The ability to perceive biological motion (BM) is crucial for human survival and social interaction. Plentiful studies have found impaired BM perception in autism spectrum disorder characterized by deficits in social interaction. Children with attention deficit hyperactivity disorder (ADHD) often exhibit similar deficits in social interaction, but few studies have investigated BM perception in ADHD. Here, we compared the differences in abilities to process local kinematic and global configurational cues, two fundamental abilities of BM perception, between typically developing (TD) and ADHD children. Then, we further investigated the relationship between BM perception and social interaction skills measured by the Social Responsiveness Scale (SRS) and examined the contributions of potential factors (e.g., gender, age, attention and intelligence) to BM perception. Results revealed that children with ADHD exhibited atypical BM perception with a clear dissociation between local and global BM information processing. Local BM processing ability was largely related to social interaction skills, whereas global BM processing ability would significantly improve with age. Critically, general BM perception (i.e., both local and global BM cues) was affected by sustained attention ability in ADHD. This relationship was mainly mediated by Reasoning Intelligence. These findings elucidate the atypical biological motion perception in ADHD and the potential factors related to BM perception. Moreover, this study provides new evidence for local BM perception as a hallmark of social cognition and advances the comprehensive understanding of the distinct roles of local and global processing in BM perception and social cognitive disorders.
This manuscript represents a cleanly designed experiment for assessing biological motion processing in children (mean age = 9) with and without ADHD. The group differences concerning accuracy in global and local motion processing abilities are solid, but the analyses suggesting dissociable relationships between global and local processing and social skills, age, and IQ need further interrogation. The results are useful in terms of understanding ADHD and the ontogenesis of different components of the processing of biological motion.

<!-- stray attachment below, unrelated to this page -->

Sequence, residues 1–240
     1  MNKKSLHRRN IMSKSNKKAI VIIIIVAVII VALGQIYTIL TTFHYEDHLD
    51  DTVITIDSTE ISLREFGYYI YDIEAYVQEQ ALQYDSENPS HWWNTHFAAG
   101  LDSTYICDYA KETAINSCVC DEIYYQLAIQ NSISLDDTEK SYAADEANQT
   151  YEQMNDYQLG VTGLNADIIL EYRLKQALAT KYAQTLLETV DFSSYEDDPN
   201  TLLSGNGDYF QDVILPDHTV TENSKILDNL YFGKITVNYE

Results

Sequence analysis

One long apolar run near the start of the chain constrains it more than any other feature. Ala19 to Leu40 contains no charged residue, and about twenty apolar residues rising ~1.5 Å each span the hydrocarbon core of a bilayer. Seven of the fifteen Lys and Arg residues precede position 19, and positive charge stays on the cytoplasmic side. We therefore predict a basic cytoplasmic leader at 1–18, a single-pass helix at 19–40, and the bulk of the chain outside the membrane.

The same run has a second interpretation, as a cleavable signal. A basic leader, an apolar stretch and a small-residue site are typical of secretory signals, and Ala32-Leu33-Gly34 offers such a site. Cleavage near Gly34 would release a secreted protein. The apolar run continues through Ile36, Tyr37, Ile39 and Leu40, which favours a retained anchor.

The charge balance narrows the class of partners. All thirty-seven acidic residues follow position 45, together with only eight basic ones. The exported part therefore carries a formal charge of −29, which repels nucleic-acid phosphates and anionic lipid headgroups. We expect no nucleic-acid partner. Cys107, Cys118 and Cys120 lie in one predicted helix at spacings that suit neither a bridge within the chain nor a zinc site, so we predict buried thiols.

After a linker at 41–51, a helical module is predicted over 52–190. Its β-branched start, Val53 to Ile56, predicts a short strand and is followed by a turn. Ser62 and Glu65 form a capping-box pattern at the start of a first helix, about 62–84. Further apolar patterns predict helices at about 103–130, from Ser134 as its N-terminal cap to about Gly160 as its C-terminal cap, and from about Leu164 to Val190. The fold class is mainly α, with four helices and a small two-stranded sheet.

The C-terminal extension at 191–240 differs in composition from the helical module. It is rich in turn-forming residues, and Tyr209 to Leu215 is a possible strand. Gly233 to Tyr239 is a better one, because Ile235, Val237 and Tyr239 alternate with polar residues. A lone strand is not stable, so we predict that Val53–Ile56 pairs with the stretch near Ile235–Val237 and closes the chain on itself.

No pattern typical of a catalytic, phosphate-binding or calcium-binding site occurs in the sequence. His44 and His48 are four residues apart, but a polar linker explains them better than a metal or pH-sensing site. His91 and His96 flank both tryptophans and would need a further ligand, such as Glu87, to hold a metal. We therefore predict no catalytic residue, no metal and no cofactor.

Attention deficit/hyperactivity disorder (ADHD) is a common developmental disorder. The prevalence of ADHD in children and adolescents is between 2% and 7%, with an average of around 5%1. Besides the well-established core symptoms of ADHD (including a deficit of sustained attention, hyperactivity, and impulsivity), some ASD characteristics, such as dysfunctions in social communication and social interaction, have also been frequently reported in ADHD children2–4. However, experimental studies of social cognition in ADHD are still scarce. Some studies described worse performance in tasks of social cognition. Among them, impaired theory of mind (ToM) and emotion recognition are most frequently reported5–7. It is difficult for children with ADHD to recognize others’ emotions and purposes. Other social cognition processes in ADHD are unclear. Further exploring diversified social cognition (e.g., biological motion perception) will provide a new understanding of impaired social function in ADHD. Moreover, recent studies revealed that the social cognition in ADHD can potentially vary with different factors at the cognitive, pathological, or developmental levels, such as general cognitive impairment5, the severity of symptoms8, or age5. Yet, how these factors relate to the dysfunctions of social cognition in ADHD is still in its infancy. Bridging the gap is important because this knowledge can help depict the developmental trajectory of social cognition and find effective interventions for impaired social interaction in ADHD.